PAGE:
Have a Heart

Hidden cameras catch animal cruelty, help establish statewide procedures

It’s heart wrenching to put a beloved pet to sleep, but what eases some of the pain is the knowledge that it’s done in a peaceful and painless way. However, for the innocent animals at Sumner County Animal Shelter, some did not meet their end in this dignified way.

A group of concerned citizens, suspicious of animal abuse taking place at the Sumner County Animal Shelter in Gallatin, Tenn., contacted private investigator Mitch Davis of TSCM Group of Nashville, Tenn., for help. Upon Davis’ preliminary surveillance, he witnessed a steady stream of wheelbarrows full of dead animals being carted to an incinerator. “A normal euthanasia procedure takes about 10 minutes, and once I did the math, I calculated the vet was euthanizing one animal every minute or so,” Davis said.

Taking Action
Realizing something was terribly wrong, Davis obtained permission from county officials to access the shelter and install hidden video equipment to investigate any wrongdoing. He then contacted KJB Security Products, a wholesale distributor of spy and surveillance equipment, for product recommendations. The company put him in touch with state-of-the-art hidden surveillance equipment, the SleuthGear Recluse, and materials to construct an ordinary-looking cup with a camera and DVR inside.

“Professionally and personally, I felt it wasn’t right, so we needed to go in and investigate,” Davis said. “We had one shot to do it, so we opted for the best equipment we could find.”

The SleuthGear Recluse looks like an inconspicuous black box, but it is an allinclusive recording device that includes a DVR and camera that easily blends into any background.

The motion-activated CMOS camera and recording system uses an 8 GB SD card for storage. Without proprietary software, the video can be exported and viewed using Windows Media player. Most importantly, with the original video maintained on the SD card, courts will accept the video as evidence.

The color camera offers a low lux rating, a JPEG resolution of 640x480 at up to 5 frames per second, video resolution of 320x240, a 75-degree view and a rechargeable lithium polymer battery that powers the device for approximately six hours of continuous recording. Another useful feature is an additional 12-volt power jack.

“If you don’t like the camera that’s in there, you can hook up an external camera and provide it with power from the Recluse,” Davis said. “When it comes to covert video work, the biggest challenge is powering devices. The Recluse addresses that by offering an additional 12-volt power jack.”

With its easy-to-operate onscreen menu, Davis was able to quickly train a former employee of the shelter to set up and plant the system inside the facility.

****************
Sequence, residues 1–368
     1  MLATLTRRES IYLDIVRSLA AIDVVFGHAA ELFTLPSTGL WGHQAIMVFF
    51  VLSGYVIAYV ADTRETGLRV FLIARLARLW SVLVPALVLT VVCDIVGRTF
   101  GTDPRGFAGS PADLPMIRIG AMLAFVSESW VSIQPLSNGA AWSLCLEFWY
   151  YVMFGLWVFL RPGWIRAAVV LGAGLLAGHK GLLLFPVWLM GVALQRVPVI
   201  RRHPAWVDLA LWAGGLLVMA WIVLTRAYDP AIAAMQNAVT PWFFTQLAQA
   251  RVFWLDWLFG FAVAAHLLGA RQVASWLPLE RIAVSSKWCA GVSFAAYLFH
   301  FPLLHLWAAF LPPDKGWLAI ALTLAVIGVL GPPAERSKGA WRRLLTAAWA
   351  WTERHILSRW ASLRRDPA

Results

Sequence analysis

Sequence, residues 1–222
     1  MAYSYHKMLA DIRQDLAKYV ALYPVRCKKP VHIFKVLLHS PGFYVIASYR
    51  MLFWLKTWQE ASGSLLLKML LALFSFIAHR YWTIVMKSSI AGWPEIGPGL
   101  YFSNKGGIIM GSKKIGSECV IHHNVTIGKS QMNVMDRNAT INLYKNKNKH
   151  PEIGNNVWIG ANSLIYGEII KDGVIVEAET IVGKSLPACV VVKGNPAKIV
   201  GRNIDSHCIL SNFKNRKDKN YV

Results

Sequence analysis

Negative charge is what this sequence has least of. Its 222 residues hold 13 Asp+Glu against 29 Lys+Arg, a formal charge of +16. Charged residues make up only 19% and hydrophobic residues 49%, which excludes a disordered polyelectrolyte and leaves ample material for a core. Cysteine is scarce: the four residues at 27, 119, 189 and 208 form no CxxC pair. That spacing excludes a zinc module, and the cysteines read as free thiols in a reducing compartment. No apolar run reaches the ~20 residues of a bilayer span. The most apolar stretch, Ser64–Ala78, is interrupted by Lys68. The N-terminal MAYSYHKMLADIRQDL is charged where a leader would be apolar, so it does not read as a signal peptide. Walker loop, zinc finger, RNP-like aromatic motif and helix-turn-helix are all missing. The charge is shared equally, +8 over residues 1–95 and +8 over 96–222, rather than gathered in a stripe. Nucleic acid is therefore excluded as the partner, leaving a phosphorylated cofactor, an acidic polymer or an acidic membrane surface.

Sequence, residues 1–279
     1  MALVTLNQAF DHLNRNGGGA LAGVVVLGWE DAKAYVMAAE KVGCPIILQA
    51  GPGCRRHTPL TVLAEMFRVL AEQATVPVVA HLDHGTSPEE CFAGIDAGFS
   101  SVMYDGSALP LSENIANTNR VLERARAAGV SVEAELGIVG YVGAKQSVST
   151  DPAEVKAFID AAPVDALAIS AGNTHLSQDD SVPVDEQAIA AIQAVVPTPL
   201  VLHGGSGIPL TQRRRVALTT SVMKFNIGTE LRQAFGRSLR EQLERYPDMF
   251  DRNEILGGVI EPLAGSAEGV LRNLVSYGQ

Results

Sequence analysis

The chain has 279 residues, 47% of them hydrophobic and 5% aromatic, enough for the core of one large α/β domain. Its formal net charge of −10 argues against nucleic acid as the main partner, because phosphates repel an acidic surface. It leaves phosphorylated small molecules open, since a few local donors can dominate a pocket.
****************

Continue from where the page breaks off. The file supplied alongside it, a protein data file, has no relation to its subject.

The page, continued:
Caught in the Act
Shortly after setup, the cameras captured video evidence showing Dr. Bill Baber, the contract veterinarian, clearly engaging in practices defined as illegal. Baber was seen loading hyperdermic needles with sodium penabarbitol and injecting unsedated animals in the heart, a method called intracardial euthanasia, or heart shot. Tennessee law states the intracardial method may only be used on heavily sedated, anesthetized or comatose animals. Intracardial injections induce an instant heart attack, and without sedatives, are a painful method of dying.

The video showed animals that had been set back down after the injection, staggering, walking in circles, falling over and dying. Sometimes in haste, insufficient amounts of sodium penabarbitol were given, which led to the animals’ prolonged suffering before death, or Baber would miss heart completely and inject the drug into the lungs, which produced a drowning effect. Davis’ initial calculations were accurate— the video showed animals brought in as frequently as once a minute. In one day, 60 animals were improperly euthanized.

New Laws and Guidelines
Baber pleaded guilty to 12 misdemeanor charges, including animal cruelty. As part of a plea agreement, Baber did not serve any jail time, but he paid a $5,000 fine and served 200 hours of community service. He regained his license in April 2008.

“We needed good, clear documentation of this activity to end it and get prosecution, and we got both,” Davis said.

“The SleuthGear Recluse played a pivotal roll in this undercover case because of its unique ability to blend into any environment,” said Jill Johnston, president of KJB Security. “Because it’s virtually unnoticeable, the target never suspected the item and was caught in the act and prosecuted.”

The video evidence was instrumental in bringing to light how animals were put to death in shelters and helped establish new procedures for euthanizing shelter animals humanely across the state.

As a direct result from this case, a new law clearly states that animal control or shelter workers in Tennessee must sedate animals before performing intracardial euthanasia. Another law requires state licensing boards to inform members whenever there is a change in the law.

This article originally appeared in the February 2009 issue of Security Today.

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